Thursday, 29 November 2012

Mr.Hogan's Contribution to the Idea of Automating the Motion


I daresay that the words 'automatic' or 'automatically' are key words for the whole book. These notions were used 12 times in the most famous book in the history of golf instruction titled "Ben Hogan's Five Lessons. The Modern Fundamentals of Golf". Let us have a closer look into this topic and validate the point that Ben Hogan wanted as large automatism as possible in the motion and he believed that crucial positions or movements are to be achieved automatically.






If one asks for the most concise summary, the book's content may be shortened to the following main points:
- stance governs automatically correct pelvic motion;
- pelvic motion governs automatically shoulders motion;
- shoulder motion governs automatically arms and hands that do nothing (active, conscious) in the swing provided one has a correct grip;
- provided the backswing is done correctly the downswing is a chain of unintentional biophysical events following each other automatically because there are no other options left.
Not by coincidence, the last sentence is the essence of the theory of natural limitations in the hard structure of human organism and, consequently, a firm motto of the Biokinetic Golf Swing Theory.


THE CORRECT STANCE ACTS AS A PERFECT AUTOMATIC GOVERNOR ON THE AMOUNT OF HIP TURN THE GOLFER CAN TAKE (AND SHOULD TAKE) ON THE BACKSWING. (p. 43 of the book)



We do not need to mention that, according to the SPC concept and the Diagonal Stance idea (especially rear leg ankle and knee joints presets), a golfer can position his joints during setup the way they cause an automatic transition from the ground up. Hogan underlines here especially how to achieve automatically a correct hip turn followed by unintentional using of the tension between hips and shoulders area.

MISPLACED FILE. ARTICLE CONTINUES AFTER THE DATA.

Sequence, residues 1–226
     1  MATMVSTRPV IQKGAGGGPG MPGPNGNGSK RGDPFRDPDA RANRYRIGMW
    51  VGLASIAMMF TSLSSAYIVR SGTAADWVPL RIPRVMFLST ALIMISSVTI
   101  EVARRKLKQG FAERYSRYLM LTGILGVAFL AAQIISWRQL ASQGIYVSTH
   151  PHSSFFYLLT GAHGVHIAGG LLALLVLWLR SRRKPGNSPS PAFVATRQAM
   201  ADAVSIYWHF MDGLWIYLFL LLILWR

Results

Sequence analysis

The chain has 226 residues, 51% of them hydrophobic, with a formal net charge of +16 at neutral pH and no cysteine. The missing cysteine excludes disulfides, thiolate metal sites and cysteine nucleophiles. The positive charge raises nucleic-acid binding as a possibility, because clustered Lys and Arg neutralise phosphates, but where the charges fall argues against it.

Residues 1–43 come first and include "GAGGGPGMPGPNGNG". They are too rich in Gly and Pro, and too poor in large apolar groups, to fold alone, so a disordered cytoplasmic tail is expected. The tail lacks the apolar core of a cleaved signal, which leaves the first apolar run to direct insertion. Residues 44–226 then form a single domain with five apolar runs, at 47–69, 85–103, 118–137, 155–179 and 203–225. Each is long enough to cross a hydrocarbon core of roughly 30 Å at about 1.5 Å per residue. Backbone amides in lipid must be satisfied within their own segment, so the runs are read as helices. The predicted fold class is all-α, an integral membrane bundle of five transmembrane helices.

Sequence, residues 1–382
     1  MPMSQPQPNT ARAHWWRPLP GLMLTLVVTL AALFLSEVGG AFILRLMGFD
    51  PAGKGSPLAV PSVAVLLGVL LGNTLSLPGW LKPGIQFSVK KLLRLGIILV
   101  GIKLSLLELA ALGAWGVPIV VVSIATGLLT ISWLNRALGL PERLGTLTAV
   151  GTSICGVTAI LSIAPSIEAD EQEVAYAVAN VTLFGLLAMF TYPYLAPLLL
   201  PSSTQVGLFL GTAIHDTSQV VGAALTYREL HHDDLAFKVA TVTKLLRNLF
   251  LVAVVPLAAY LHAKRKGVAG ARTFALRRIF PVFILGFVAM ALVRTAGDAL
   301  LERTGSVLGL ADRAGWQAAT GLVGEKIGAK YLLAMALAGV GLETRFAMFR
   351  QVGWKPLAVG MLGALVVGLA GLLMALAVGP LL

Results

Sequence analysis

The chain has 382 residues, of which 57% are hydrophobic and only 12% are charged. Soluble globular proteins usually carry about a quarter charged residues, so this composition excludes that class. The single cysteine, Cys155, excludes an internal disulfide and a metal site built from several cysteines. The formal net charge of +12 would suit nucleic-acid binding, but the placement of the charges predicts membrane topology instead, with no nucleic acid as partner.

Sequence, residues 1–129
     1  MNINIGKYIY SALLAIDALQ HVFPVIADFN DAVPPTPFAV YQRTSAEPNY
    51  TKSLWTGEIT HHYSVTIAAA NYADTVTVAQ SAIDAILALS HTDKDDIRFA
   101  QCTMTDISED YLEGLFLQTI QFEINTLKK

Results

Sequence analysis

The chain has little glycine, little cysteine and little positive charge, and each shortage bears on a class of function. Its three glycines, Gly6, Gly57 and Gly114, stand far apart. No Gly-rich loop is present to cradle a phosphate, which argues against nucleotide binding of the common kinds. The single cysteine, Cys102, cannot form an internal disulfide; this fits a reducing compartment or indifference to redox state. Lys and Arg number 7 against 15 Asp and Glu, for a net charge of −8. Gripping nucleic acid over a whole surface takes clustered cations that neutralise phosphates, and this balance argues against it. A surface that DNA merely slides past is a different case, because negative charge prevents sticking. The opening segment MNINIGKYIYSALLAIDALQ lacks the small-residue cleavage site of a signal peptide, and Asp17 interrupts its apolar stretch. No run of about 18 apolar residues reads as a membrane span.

The downswing, you see, is initiated by turning the hips back to the left. When you have this stored-up tension in the muscles between the hips and the shoulders (and in the muscles of the thighs that work with the hips), you have something with which you can begin the downswing. (This tension will, in fact, automatically help to pull you down into the ball.) As the hips turn back to the left, this turning motion increases their tension. IT IS THIS INCREASED TENSION THAT UNWINDS THE UPPER PART OF THE BODY. IT UNWINDS THE SHOULDERS, THE ARMS AND THE HANDS IN THAT ORDER, THE CORRECT ORDER. IT HELPS THE SWING SO MUCH IT MAKES IT ALMOST AUTOMATIC. (p. 71 of the book)


The turning of the hips inaugurates the downswing. This movement of the hips automatically lowers the arms and hands to a position just above hip level. (p. 94 of the book)

It would be tough to find a better concise prayer for sequentiality of the motion both from the ground up as well as from the core out. 

The last paragraph, however, strikes even more important aspect, namely, lack of conscious actions and using a subconscious-friendly unintentional motion where there is no place for independent arm or hands activities. Properly built grip and a great body action is enough. 



THE ACTION OF THE ARMS IS MOTIVATED BY THE MOVEMENTS OF THE BODY, AND THE HANDS CONSCIOUSLY DO NOTHING BUT MAINTAIN A FIRM GRIP ON THE CLUB. (p. 82 of the book)




Finally, Mr.Hogan underlines that the timing factor is being considerably reduced provided the automatism is being brought into the swing and forms the chain of subconscious-friendly physical events -- what is, not coincidentally, our main goal in our biokinetic golf swing theory.




The golf swing we have presented in this series is the essential golf swing, stripped down to its authentic fundamentals. They are all the golfer needs in order to develop a correct, powerful swing that will repeat. If he learns to execute these fundamental movements—and there is no movement in this swing which a man or woman of average coordination cannot perform—he will continue to become a more and more skillful player. He will not have to worry constantly about his timing, for example, as does the player who thinks he can construct a swing on hand action and who, since this is impossible, is doomed to be erratic. The golfer whose swing is founded on chain action cannot help but have timing. The swing is already timed for him. The chain action itself is the timing. (p. 122/123 of the book)